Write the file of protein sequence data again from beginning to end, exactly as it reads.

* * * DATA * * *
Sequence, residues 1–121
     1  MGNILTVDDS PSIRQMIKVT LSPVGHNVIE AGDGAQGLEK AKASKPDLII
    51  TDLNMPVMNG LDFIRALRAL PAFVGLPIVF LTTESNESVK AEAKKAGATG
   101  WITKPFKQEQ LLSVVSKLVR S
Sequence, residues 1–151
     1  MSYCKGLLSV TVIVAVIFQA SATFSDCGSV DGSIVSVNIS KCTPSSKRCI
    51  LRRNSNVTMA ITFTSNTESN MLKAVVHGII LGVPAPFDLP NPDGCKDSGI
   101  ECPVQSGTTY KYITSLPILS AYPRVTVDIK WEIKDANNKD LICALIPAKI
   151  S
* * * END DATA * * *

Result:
Sequence, residues 1–121
     1  MGNILTVDDS PSIRQMIKVT LSPVGHNVIE AGDGAQGLEK AKASKPDLII
    51  TDLNMPVMNG LDFIRALRAL PAFVGLPIVF LTTESNESVK AEAKKAGATG
   101  WITKPFKQEQ LLSVVSKLVR S
Sequence, residues 1–151
     1  MSYCKGLLSV TVIVAVIFQA SATFSDCGSV DGSIVSVNIS KCTPSSKRCI
    51  LRRNSNVTMA ITFTSNTESN MLKAVVHGII LGVPAPFDLP NPDGCKDSGI
   101  ECPVQSGTTY KYITSLPILS AYPRVTVDIK WEIKDANNKD LICALIPAKI
   151  S